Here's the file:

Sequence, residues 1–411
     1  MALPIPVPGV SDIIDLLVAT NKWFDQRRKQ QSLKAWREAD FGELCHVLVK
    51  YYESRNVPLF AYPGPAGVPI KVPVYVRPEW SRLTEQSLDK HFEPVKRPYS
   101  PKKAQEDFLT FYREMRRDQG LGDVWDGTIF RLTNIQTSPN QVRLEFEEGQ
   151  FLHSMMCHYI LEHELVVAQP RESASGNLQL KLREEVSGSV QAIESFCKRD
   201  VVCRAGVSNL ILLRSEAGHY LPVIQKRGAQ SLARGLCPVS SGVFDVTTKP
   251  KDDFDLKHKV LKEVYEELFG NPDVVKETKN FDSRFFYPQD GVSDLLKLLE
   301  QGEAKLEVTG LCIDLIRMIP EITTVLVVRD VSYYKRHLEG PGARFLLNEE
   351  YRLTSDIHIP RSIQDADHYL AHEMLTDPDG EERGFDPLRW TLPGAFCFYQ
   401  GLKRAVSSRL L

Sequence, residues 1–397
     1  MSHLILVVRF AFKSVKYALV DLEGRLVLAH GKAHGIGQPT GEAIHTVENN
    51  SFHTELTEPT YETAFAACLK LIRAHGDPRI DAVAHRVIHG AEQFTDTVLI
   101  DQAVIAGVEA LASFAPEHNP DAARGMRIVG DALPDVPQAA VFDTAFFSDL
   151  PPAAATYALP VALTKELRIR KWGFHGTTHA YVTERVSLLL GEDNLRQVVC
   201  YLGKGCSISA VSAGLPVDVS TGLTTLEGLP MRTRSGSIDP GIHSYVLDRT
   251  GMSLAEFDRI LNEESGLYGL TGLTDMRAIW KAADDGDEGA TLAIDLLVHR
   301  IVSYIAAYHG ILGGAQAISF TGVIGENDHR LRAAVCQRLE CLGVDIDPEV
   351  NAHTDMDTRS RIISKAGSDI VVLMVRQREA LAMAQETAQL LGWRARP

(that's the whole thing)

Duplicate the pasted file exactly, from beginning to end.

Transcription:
Sequence, residues 1–411
     1  MALPIPVPGV SDIIDLLVAT NKWFDQRRKQ QSLKAWREAD FGELCHVLVK
    51  YYESRNVPLF AYPGPAGVPI KVPVYVRPEW SRLTEQSLDK HFEPVKRPYS
   101  PKKAQEDFLT FYREMRRDQG LGDVWDGTIF RLTNIQTSPN QVRLEFEEGQ
   151  FLHSMMCHYI LEHELVVAQP RESASGNLQL KLREEVSGSV QAIESFCKRD
   201  VVCRAGVSNL ILLRSEAGHY LPVIQKRGAQ SLARGLCPVS SGVFDVTTKP
   251  KDDFDLKHKV LKEVYEELFG NPDVVKETKN FDSRFFYPQD GVSDLLKLLE
   301  QGEAKLEVTG LCIDLIRMIP EITTVLVVRD VSYYKRHLEG PGARFLLNEE
   351  YRLTSDIHIP RSIQDADHYL AHEMLTDPDG EERGFDPLRW TLPGAFCFYQ
   401  GLKRAVSSRL L

Sequence, residues 1–397
     1  MSHLILVVRF AFKSVKYALV DLEGRLVLAH GKAHGIGQPT GEAIHTVENN
    51  SFHTELTEPT YETAFAACLK LIRAHGDPRI DAVAHRVIHG AEQFTDTVLI
   101  DQAVIAGVEA LASFAPEHNP DAARGMRIVG DALPDVPQAA VFDTAFFSDL
   151  PPAAATYALP VALTKELRIR KWGFHGTTHA YVTERVSLLL GEDNLRQVVC
   201  YLGKGCSISA VSAGLPVDVS TGLTTLEGLP MRTRSGSIDP GIHSYVLDRT
   251  GMSLAEFDRI LNEESGLYGL TGLTDMRAIW KAADDGDEGA TLAIDLLVHR
   301  IVSYIAAYHG ILGGAQAISF TGVIGENDHR LRAAVCQRLE CLGVDIDPEV
   351  NAHTDMDTRS RIISKAGSDI VVLMVRQREA LAMAQETAQL LGWRARP